By Dr. Maria Simbra

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PITTSBURGH (KDKA) — A big, scary needle is not a welcome sight at the dentist’s office, and it can cause a lot of stress at later visits.

“The metal syringe does cause them a little bit of anxiety,” says Dr. Heather Baumhardt, a dentist at Children’s Hospital.

For that reason, some dentists are using the wand, especially for patients who have had a bad experience with dental anesthesia in the past.

“The wand is actually a small tube. It looks very much like a Bic pen. It has a very small syringe, and it is attached to a computer, basically, that is worked with a foot pedal,” says Dr. Baumhardt. “It delivers anesthesia at a very slow rate, and it doesn’t look anything like a traditional syringe.”

“And then you’ll hear it say cruise, and at that point the local anesthesia is dripping,” Dr. Katelyn Woods explains.

The anesthesia goes in slowly so the kids don’t feel any pain or burning. A whole segment of gum can be numbed, or just a single tooth. And there’s no repeated stopping and starting as might be needed with a traditional syringe.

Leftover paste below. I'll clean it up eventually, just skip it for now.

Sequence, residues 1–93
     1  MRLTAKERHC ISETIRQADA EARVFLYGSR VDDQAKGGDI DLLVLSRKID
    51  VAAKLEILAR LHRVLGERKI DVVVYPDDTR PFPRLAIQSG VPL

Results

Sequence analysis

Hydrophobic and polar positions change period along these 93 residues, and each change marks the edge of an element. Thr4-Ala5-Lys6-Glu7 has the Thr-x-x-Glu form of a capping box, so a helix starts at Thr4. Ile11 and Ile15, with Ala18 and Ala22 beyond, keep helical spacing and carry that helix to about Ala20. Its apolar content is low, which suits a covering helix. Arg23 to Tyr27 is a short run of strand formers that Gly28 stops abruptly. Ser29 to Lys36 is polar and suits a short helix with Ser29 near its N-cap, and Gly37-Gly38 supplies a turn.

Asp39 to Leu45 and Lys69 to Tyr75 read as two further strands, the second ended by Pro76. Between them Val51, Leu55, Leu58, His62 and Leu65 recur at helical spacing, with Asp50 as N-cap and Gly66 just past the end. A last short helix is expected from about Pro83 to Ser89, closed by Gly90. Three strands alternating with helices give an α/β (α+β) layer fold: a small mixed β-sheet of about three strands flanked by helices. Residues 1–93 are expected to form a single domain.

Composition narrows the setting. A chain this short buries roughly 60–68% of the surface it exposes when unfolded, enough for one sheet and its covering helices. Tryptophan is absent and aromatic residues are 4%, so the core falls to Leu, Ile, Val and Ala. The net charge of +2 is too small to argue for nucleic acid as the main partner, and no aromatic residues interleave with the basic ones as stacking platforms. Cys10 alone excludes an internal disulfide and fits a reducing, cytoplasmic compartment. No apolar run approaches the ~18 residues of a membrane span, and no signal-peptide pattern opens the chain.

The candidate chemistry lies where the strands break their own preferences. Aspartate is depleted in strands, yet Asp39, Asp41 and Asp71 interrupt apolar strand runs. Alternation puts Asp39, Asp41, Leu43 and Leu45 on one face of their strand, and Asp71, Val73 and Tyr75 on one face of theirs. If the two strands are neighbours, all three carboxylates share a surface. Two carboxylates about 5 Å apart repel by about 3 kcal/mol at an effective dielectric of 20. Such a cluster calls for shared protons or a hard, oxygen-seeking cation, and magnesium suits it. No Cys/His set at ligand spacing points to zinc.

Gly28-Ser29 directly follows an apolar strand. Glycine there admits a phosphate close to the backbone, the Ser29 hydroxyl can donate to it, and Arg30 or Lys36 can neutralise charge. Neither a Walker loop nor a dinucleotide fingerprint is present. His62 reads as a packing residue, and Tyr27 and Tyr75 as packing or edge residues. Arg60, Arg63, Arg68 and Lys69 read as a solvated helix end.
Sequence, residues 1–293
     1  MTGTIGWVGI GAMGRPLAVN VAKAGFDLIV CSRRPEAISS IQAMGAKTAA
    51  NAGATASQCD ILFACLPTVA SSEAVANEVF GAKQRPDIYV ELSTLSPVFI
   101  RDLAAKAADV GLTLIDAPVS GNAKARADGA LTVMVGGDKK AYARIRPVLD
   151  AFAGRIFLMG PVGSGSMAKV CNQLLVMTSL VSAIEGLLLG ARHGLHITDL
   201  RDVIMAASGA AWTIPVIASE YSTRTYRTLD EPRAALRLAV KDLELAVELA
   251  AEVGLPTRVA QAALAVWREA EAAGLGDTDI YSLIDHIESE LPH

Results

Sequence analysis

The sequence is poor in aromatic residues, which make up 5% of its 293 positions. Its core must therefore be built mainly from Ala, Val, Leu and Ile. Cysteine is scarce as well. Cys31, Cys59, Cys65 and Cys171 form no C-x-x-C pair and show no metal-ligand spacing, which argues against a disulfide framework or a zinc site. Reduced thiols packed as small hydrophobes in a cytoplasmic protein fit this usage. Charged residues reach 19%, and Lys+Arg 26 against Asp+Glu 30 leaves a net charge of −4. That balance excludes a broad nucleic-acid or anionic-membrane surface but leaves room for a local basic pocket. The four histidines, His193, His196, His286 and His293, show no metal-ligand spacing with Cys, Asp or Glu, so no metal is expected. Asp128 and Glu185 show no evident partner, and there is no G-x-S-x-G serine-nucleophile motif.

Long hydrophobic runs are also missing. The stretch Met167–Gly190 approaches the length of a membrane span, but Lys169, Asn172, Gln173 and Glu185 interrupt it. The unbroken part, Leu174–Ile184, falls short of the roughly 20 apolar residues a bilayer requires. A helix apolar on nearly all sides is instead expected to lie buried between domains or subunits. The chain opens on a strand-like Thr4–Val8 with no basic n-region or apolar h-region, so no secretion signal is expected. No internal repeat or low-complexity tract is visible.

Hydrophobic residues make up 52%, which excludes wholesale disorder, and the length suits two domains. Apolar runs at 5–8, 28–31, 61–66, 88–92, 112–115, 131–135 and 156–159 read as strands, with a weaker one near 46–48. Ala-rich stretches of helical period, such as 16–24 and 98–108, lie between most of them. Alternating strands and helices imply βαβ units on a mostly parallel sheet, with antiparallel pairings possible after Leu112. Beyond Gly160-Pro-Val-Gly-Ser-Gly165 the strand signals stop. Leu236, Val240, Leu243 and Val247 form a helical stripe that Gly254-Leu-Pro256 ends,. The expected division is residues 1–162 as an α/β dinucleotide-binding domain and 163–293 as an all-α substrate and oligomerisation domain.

“And they definitely don’t even realize some of the times that we’re giving them a quote unquote shot,” says Dr. Baumhardt.

The device does not affect insurance coverage or what a patient is charged, but it is more expensive to the dentist who must purchase the special tips that go on the wand.

The technique has been around for a couple decades now, but Children’s Hospital started using it just a few months ago.

The wand inventor, Dr. Mark Hochman, explains part of the slowness of dentists to pick up this new tool is that the standard syringe works fine, just less efficiently.

“They’re using an instrument that dates back over 160 years, and they think they’re doing the best that they can,” he said.

So far, about 25 kids have had the wand at Children’s.

“It’s nicer for them,” says Dr. Baumhardt. “They usually respond really well to it, and then they don’t have that fear for the next appointment.”

Dr. Maria Simbra